The film is part of the 3361 Orpheus project,

an experimental performance, that combines poetry, music, animation, dance and opera. Ιt draws inspiration from a range of retellings and adaptations of Orpheus’s myth.

The performance’s concept is based on a triptych. The dismemberment and subsequent journey of Orpheus’s head from the river Evros to the island to Lesvos and the creation of his Oracle near the Petrified Forest. The spatial, disembodied, satellite voice coming from the constellation Lyra, where the lyre was placed after his death. The fate of Orpheus’s limbs, buried near Mount Olympus.

The main characters in the narrative are Hermes, in his capacity as psychopomp and transporter of dead souls; Eurydice, recounting her own experience, in the form of shade and dryad, as well as memory; and Orpheus with his lyre, which is seen as a fourth character, a creature alive with its own vital energy.

This is Bitzouni’s second appearance at Moving Poems. Back in 2014 I shared her animation of Night by Tasos Livaditis, a video from Tin House magazine’s late, lamented videos section, Tin House Reels.

My dad’s bigger than your dad by Dave Viney

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Sometimes the only thing a poetry film needs to be great is to demonstrate an advanced understanding of play. This film by Jo Lane does just that. She describes it on Vimeo as

A visual representation of a poem by the mancunian poet, Dave Viney.
‘My dad’s bigger than your dad’ is not only a nostalgic chant that everyone has memories of, but a poignant metaphor for many current political scenarios. [link added]

Myles Sketchley Mercer composed the music.

Ted by Jon Constantinou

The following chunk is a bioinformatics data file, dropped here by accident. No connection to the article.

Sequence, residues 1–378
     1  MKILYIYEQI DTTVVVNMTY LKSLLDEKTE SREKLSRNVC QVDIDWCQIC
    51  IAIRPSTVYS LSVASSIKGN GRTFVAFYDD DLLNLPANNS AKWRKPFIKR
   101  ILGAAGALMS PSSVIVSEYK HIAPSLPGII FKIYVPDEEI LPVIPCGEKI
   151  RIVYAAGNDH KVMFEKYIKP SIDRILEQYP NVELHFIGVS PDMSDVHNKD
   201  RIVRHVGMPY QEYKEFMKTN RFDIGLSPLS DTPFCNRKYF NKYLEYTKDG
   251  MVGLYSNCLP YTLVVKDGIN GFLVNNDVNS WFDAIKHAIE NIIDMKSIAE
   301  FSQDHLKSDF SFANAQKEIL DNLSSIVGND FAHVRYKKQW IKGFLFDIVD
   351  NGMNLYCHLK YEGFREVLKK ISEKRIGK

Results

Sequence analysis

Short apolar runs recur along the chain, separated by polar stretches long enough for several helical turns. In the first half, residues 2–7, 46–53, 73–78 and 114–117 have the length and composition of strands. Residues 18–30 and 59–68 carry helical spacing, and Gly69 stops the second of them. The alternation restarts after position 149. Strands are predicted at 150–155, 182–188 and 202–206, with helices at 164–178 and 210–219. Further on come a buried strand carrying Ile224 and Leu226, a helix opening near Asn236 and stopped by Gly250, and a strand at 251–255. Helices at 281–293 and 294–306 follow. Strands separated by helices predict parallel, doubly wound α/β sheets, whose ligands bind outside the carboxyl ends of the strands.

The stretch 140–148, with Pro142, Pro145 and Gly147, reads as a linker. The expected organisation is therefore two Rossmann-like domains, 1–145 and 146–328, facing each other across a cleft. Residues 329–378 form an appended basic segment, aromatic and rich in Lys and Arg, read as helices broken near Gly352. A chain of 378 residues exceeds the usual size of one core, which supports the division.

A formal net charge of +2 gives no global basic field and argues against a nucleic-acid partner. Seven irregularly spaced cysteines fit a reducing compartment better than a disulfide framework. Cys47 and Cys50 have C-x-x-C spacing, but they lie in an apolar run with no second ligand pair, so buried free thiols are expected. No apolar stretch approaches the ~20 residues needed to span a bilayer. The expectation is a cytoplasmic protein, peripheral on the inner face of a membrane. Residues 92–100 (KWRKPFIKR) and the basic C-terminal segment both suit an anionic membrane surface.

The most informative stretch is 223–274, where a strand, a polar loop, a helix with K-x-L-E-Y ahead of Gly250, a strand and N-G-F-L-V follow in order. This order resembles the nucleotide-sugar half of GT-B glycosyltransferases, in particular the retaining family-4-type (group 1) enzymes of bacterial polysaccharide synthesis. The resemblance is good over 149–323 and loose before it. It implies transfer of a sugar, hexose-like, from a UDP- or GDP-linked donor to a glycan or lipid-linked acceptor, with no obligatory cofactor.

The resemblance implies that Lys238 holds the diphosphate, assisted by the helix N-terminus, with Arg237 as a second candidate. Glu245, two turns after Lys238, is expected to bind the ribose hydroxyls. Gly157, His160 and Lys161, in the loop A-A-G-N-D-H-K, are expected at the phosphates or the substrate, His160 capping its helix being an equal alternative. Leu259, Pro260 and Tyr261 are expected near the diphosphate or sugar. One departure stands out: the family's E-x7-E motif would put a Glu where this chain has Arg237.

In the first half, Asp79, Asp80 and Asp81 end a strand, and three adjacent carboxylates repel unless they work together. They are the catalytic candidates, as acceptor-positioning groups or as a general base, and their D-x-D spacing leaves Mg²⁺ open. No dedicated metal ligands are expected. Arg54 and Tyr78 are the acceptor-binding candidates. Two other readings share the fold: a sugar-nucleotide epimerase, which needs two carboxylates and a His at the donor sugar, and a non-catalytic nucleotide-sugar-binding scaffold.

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This author-made filmpoem by British filmmaker Jon Constantinou, co-directed by Jake Balfour-Lynn with actor Rick Stupple, was my favorite finalist from this year’s Rabbit Heart Poetry Film Festival, where it won Best Sound/Music. Michele Caruso was the sound designer. As Rabbit Heart organizer Sou MacMillan noted at Moving Poems Magazine, “You could hear every crackle of the fire, the scrape of the blade against whetstone, and grind of pencils being sharpened, all under a gentle and moving score.” For my part, I thought it was a great example of a film-poetic whole that’s much more than the sum of its parts.

Wake Up by Tolu Agbelusi

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A poetry-film collaboration between London-based Nigerian poet Tolu Agbelusi and director HKB FiNN of JustJazz Visuals. Somehow the poem’s story of an interpersonal cycle of abuse seems appropriate to the political moment.

Check out a couple of additional films on the Video & Audio section of Agbelusi’s website.

What is Love? by Lucy English

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This latest addition to Lucy English’s Book of Hours poetry-film project was directed by Lori H. Ersolmaz, with English reading her poem in the soundtrack.